Calderón also expects a bailout for Spain, which comes as no surprise. Bailout in Spain Leaves Taxpayers Liable for the Cost – which taxpayers?

The G-20 will meet in Los Cabos, Mexico on June 18 and 19.

When the dress code says “white guayaberas”, Hillary wears lime green Mao

Tuesday, February 21st, 2012

Aiming to “reset” the button, Hillary stands out in the crowd; perhaps she thought she was in Rode Island with Joe Biden,

Didn’t get the memo? Hillary Clinton dons lime green shirt for G20 ‘family photo’ while everyone else wears white (h/t Babalu)

Fashion faux-pas, or smart diplomacy? You decide!


The real scandal in this “Report: Sarkozy calls Netanyahu ‘liar’” story

Tuesday, November 8th, 2011

The headline and lede read,
Report: Sarkozy calls Netanyahu ‘liar’
Microphones accidently [sic] left on after G20 meeting pick up private conversation between US, French presidents. Sarkozy admits he ‘can’t stand’ Israeli premier. Obama: You’re fed up with him? I have to deal with him every day!

Yes, this is bad enough. The real scandal, however, is this: The reporters went along with a request that they abstain from, well, reporting,

The surprising lack of coverage may be explained by a report alleging that journalists present at the event were requested to sign an agreement to keep mum on the embarrassing comments. A Reuters reporter was among the journalists present and can confirm the veracity of the comments.

A member of the media confirmed Monday that “there were discussions between journalists and they agreed not to publish the comments due to the sensitivity of the issue.”

He added that while it was annoying to have to refrain from publishing the information, the journalists are subject to precise rules of conduct.

“Precise rules of conduct”: don’t embarrass some on vital Middle East issues, but make sure to report that Herman Cain asked a woman out to dinner and stuck someone with a bill.


The year without Mel Zelaya Carnival of Latin America, and VIDEO

Monday, June 28th, 2010

LatinAmer Welcome to this week’s Carnival of Latin America and the Caribbean. As the title indicates, it’s been a year since Mel Zelaya was thrown out of office. He and his teddy bear are also gone from his tin foil-lined room at the Brazilian embassy in Tegucigalpa.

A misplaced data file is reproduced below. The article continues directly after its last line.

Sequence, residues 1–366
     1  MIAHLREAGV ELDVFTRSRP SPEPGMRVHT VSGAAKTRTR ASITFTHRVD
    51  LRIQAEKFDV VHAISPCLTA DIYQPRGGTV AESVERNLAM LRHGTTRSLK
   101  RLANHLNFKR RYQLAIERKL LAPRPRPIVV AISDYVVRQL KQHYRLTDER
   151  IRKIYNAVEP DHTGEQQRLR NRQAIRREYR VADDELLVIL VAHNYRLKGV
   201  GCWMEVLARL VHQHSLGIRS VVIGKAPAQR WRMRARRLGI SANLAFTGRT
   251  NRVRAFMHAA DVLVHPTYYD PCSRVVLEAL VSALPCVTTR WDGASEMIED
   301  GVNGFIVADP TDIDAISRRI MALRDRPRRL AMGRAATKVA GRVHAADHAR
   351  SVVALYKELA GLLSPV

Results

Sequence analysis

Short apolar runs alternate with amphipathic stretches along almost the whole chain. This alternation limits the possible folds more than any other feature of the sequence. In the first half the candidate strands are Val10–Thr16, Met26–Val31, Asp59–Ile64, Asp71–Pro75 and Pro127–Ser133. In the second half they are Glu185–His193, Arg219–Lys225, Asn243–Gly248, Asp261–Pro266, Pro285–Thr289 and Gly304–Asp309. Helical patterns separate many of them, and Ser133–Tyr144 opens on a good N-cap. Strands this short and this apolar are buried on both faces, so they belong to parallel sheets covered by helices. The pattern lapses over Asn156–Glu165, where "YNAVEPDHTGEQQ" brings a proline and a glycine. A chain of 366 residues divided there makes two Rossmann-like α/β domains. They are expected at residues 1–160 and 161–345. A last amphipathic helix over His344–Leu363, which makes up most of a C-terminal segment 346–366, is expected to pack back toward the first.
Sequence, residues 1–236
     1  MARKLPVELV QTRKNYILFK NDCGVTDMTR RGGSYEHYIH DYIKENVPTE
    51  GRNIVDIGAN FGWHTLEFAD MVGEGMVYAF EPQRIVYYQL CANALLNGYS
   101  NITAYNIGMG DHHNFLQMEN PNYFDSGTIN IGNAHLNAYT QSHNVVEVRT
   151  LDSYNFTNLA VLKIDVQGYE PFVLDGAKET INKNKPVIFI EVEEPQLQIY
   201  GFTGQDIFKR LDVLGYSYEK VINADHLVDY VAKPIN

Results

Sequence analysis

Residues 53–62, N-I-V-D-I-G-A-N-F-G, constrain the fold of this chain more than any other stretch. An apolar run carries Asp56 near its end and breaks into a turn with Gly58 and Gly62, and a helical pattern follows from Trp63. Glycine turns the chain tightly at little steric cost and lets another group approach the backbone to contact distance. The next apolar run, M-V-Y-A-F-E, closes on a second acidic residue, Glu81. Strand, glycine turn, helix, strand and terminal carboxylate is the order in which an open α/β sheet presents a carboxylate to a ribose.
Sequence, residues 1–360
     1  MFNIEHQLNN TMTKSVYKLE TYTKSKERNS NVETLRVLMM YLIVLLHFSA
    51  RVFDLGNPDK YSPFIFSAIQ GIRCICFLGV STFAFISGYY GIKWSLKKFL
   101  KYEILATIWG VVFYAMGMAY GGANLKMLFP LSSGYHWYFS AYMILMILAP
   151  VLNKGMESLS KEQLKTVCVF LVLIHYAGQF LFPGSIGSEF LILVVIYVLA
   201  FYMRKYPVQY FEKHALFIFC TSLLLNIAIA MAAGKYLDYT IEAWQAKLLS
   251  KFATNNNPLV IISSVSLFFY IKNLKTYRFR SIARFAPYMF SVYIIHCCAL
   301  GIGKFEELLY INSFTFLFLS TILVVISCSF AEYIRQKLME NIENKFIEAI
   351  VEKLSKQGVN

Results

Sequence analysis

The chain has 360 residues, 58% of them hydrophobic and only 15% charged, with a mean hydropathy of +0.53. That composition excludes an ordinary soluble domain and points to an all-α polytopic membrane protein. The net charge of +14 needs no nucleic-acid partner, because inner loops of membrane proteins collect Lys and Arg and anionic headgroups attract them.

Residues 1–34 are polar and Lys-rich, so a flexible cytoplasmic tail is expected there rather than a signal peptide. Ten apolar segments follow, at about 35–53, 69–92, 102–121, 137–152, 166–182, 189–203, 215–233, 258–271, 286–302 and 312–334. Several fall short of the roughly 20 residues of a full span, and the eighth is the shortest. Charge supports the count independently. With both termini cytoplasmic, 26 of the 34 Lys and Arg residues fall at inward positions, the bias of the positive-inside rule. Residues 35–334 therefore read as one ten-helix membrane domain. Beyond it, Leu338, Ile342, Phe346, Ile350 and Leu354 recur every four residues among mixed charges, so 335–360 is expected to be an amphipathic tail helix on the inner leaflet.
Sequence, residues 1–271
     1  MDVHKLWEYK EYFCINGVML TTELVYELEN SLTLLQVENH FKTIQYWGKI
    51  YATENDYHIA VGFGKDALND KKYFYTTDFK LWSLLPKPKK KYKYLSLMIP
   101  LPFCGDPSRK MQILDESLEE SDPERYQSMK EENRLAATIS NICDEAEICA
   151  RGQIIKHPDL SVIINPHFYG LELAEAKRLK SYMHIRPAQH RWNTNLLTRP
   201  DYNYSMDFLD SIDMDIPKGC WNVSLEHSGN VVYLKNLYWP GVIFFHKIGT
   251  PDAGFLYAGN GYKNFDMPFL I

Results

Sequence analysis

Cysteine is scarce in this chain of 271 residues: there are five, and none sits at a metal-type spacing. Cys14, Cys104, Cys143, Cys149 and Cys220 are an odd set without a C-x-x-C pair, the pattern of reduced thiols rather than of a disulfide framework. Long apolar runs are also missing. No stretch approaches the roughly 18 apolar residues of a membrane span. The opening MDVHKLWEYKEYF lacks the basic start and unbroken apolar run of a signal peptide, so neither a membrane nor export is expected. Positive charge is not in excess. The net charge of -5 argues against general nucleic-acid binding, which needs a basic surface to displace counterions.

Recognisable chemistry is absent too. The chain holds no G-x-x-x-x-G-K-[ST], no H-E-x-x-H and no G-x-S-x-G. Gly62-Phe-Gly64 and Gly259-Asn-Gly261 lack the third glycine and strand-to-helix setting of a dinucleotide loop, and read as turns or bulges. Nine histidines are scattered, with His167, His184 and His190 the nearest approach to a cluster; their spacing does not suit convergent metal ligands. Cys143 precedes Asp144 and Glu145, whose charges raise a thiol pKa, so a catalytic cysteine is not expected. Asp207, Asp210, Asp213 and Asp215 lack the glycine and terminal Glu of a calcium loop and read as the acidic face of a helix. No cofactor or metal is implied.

Today’s podcast at 11AM Eastern:
The UN Office for Drugs and Crime’s report

Collateral damage

Cristina se reunió con empresarios antes del comienzo de la cumbre del G20

Seventy-five years ago today

Barbados and Panama sign double taxation agreement

Bolivian Bottles Build Houses

Brazil’s foreign policy
An Iranian banana skin
Lula has little to show for his Tehran adventure

Lula’s adventure in Tehran smacks of the overconfidence of a politician who basks in an approval rating of over 70% and who sees the Iraq war and the financial crisis as having irreparably damaged American power and credibility. But the United States is still Brazil’s second-largest trading partner. Although some American and Brazilian officials are keen to prevent ill-will over Iran from spoiling co-operation in other areas, it nevertheless may do so. The United States Congress may be even less willing to support the elimination of a tariff on Brazil’s sugar-based ethanol, for example.

Lula wants the UN reformed to reflect today’s world, with Brazil gaining a permanent seat on the Security Council. But by choosing to apply his views on how the world should be run to an issue of pressing concern to America and Europe, and in which Brazil has no obvious national interest, Lula may only have lessened the chances that he will get his way.

Lula skips G20 summit due to deadly Brazil floods

Piñera’s (dis)approval

Entrevista a Josep Montaner, “El rol de la sociedad civil ha de ser activo en cualquier situación” Video in Spanish,

Josep Montaner _ Rol de la sociedad civil from Plataforma Urbana on Vimeo.

THOMSON: Santos sweeps to the presidency
Platform for security, stability and development win b

Good news from Colombia, but does Obama appreciate it?

Ros-Lehtinen: Recognizing Colombia’s presidential election and the U.S.-Colombia alliance Ros-Lehtinen Resolution on Colombia Elections Passes House

Will Washington treat Colombia’s Santos as an ally?

Father’s Day in Costa Rica

When Learning Turns to Dust

“Cuba experts”

Ramiro on a hunger strike?

Syrian president due in Havana on Sunday

Interviews With Dr. Darsi Ferrer and Juan Juan Almeida

UPDATE: Filmmakers Argue Against Ruling In Chevron Case

A year without Mel Zelaya

More intromission by US Ambassador Llorens and G-16

Mr Coke turns himself in

Jamaican drug lord captured

Mexican Violence Crosses Borders; Attracts Media Attention

Mexico Represents Single Biggest Drug Trafficking Threat to U.S.

Nicaragua’s Sandinistas accused of paying for power
Daniel Ortega’s ruling Sandinistas Front is using strong-arm tactics to limit opposition, observers say.

Washington Post on retiring to Panama

Journalists in the crosshairs of Paraguayan People’s Army

Peruvian Franken-Corn Defamation Case Update

Keiko Fujimori Leads Peru Presidential Poll, El Comercio Says

Keiko Fujimori says “I will be in the second round” for president of Peru in 2011

Peru judge rules Van der Sloot confession valid


Students approve strike pact. Back in the olden days when I was a student at the UPR they were striking, too, but no one slept in cute little tents on campus. Either way, the strikes are a total waste of time.